He moved to Saratoga Springs, New York, and with the help of a local promoter was booked with Leonard Bernstein and the New York Philharmonic as well as receiving an invitation to appear with the Boston Pops Orchestra. Frank spent time developing alternate tunings and techniques which made his style his own. He appeared on popular television shows like the Mike Douglas Show and the David Frost Show. He even did a one man show for public television playing mandolin, guitar and autoharp. My favorite comedian from that period was Steve Martin who began some of his shows with a comment like “I always like to start my show by doing something impossible”. In many respects that is what Frank’s music sounded like. Some of his new music, although technically brilliant, was well beyond the acceptable tolerances of his bluegrass fans.

But he didn’t forsake bluegrass music. Although he was without a full time bluegrass band he recorded some demos with the late Roy Lee Centers and Junior McIntyre. He continued to perform with and record one last album with Red Allen. In 1975 he was reunited on record with Don Reno and Chubby Wise with whom he had recorded 15 years earlier. During that period, while living on the west coast, he toured with The Grateful Dead and New Riders of the Purple Sage as well as with his own band, The Good Ol’ Boys. Bill Monroe got his wish and Frank found a brand new audience.

10 of the 13 tunes on this project are original bluegrass tunes written by Frank. His classic New Camptown Races is here. Written before most of his accompanying musicians were born, it continues to stand up as a standard in the bluegrass repertoire. The others, to my ear, are very reminiscent of Monroe’s music from his later years, a bit more haunting and modal than his earlier titles. These tunes show a reverence and understanding of Monroe as only someone who heard the same “ancient tones” could share. I think anyone who enjoyed Bill Monroe’s music will see these new tunes to be as much a tribute to him as they are a tribute to the creativity of Frank Wakefield.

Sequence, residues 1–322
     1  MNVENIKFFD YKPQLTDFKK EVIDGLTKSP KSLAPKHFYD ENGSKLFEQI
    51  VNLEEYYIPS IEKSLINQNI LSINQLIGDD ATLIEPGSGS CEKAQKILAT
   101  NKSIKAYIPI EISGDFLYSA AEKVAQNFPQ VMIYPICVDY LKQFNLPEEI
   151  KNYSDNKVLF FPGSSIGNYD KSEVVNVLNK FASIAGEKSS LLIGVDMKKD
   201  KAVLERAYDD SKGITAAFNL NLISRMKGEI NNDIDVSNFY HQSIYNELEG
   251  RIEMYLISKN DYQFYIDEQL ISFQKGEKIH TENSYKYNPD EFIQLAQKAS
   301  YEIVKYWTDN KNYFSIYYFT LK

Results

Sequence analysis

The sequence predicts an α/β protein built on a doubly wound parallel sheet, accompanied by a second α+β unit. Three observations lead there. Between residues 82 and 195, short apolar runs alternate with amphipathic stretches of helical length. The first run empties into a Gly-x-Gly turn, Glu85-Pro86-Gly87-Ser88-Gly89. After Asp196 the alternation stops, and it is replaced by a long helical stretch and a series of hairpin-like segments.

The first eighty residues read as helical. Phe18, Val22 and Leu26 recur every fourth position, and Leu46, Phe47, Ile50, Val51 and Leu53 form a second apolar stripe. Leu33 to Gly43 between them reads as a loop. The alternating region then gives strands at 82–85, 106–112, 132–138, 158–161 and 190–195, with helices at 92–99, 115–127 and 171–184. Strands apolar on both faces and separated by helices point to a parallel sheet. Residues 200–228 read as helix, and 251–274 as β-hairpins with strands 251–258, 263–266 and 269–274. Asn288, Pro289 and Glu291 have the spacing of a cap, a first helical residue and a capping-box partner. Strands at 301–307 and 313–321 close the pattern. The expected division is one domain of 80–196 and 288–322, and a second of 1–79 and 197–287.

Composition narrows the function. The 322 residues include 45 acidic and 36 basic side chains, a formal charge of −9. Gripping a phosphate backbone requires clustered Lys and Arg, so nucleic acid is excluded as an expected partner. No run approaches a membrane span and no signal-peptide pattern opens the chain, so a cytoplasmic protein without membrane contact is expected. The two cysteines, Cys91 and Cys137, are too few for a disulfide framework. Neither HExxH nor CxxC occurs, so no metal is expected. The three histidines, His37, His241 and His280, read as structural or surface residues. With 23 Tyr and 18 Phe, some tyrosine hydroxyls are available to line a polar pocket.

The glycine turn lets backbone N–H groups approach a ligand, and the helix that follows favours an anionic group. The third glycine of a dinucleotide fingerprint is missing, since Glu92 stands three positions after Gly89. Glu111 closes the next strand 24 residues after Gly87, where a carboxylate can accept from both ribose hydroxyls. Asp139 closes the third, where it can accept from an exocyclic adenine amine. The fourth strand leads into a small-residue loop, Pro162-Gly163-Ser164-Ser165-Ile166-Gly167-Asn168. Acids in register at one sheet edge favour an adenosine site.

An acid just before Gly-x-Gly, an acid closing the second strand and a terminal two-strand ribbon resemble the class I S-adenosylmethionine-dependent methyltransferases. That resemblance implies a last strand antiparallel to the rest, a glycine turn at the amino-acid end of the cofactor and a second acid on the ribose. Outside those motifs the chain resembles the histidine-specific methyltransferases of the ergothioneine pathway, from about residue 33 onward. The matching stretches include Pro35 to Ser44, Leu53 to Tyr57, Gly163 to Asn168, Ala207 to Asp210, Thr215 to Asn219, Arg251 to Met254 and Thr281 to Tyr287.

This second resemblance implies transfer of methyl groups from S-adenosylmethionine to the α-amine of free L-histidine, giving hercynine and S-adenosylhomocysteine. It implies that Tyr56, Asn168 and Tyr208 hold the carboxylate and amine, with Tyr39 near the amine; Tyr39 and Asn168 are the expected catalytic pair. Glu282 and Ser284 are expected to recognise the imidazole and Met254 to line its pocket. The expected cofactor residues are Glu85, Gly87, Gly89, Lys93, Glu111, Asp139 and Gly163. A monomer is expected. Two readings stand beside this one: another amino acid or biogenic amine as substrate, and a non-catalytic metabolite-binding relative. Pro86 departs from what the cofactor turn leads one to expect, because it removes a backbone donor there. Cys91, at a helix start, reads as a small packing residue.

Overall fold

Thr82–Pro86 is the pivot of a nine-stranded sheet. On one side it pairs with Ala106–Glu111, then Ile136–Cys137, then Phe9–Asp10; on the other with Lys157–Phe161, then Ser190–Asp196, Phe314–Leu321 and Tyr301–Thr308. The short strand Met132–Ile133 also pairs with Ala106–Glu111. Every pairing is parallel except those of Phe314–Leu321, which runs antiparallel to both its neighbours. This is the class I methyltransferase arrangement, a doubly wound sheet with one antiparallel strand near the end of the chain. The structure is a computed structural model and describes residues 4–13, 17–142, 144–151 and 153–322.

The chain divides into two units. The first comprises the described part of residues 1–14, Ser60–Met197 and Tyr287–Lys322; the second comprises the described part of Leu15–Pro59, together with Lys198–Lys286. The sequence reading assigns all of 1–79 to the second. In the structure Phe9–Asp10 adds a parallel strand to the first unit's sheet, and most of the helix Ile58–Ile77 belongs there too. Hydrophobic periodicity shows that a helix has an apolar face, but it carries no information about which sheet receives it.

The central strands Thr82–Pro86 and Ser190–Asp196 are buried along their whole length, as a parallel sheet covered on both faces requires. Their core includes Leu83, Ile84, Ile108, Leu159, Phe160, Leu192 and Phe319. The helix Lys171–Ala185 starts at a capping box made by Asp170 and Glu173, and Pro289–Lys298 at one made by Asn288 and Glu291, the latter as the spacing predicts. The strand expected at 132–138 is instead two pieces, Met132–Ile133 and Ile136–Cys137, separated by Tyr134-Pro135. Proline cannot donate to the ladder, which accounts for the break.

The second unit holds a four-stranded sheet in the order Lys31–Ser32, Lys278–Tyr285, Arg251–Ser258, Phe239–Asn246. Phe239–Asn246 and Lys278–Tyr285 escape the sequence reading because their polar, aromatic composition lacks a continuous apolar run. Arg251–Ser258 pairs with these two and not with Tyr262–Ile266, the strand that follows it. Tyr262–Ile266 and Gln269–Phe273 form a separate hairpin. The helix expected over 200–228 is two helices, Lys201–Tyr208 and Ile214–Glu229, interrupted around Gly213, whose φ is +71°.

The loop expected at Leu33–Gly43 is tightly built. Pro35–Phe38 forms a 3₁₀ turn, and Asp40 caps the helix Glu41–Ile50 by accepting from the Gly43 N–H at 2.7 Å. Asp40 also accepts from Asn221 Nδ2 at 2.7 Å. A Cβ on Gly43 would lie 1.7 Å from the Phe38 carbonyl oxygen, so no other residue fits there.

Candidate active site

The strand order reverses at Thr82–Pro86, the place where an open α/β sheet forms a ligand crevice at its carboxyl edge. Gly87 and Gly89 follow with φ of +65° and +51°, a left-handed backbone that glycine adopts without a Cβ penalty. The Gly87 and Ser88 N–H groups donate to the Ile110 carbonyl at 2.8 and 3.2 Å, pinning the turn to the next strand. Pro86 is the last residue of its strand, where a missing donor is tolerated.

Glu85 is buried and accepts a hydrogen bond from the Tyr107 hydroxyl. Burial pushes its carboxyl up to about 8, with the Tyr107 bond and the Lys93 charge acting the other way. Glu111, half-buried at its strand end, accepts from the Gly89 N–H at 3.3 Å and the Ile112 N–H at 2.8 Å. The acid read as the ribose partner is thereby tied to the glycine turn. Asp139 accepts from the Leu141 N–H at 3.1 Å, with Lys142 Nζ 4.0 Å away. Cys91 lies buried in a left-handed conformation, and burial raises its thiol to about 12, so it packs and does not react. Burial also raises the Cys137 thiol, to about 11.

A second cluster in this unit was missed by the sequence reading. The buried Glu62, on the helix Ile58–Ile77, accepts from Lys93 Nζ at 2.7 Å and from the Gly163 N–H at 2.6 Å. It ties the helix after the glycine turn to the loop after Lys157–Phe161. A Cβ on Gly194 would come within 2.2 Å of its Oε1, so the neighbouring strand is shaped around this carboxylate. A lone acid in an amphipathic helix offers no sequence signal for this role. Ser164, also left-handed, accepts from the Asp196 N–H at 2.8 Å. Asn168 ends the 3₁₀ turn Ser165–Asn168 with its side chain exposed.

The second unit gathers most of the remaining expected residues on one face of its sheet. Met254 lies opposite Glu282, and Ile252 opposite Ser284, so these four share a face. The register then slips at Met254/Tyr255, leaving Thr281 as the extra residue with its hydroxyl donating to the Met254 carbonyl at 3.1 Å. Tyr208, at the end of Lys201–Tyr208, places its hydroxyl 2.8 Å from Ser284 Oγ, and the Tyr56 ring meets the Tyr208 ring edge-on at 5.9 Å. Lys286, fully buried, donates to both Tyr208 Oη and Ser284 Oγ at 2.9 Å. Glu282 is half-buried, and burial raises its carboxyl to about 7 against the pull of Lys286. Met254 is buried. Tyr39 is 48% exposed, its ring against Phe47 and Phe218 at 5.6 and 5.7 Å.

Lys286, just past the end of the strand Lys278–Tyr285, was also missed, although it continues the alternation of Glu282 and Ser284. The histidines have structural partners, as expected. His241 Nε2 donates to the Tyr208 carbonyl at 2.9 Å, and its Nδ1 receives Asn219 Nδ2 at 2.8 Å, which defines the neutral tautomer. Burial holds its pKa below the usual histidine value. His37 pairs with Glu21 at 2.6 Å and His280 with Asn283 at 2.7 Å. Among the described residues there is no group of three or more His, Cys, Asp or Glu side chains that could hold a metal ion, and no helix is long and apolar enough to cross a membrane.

The remaining 3 tracks are classical music, one written by Frank and played solo while the other two are older pieces arranged by Frank. Although he has described much of his original music as “Bay-tow” this, to my knowledge, is the first time Frank has actually recorded Beethoven’s music. Frank’s signature tone and staccato technique bring a new dimension to these pieces. It’s all well played and doesn’t try to prove anything other than that it is beautiful music.

Playing either bluegrass or classical, the band assembled for this recording is exceptional. Award-winning fiddler Michael Cleveland, long-time Jimmy Martin, Red Allen and Rhonda Vincent sideman Audie Blaylock and finally, Mike Munford, a banjo player’s banjo player, round out the veteran players. Joining them are a few newer names, among them Jordan Tice on lead guitar and Darrell Muller on bass. Together they put out a sound that is well worth the price of admission.

Dennis Satterlee

Bluegrass Hall of Honor member, Red Allen, already in his 20s and playing bluegrass music locally in Dayton, Ohio, discovered 16 year-old Frank Wakefield sitting on his front porch strumming on an inexpensive mandolin. Later that same evening Frank w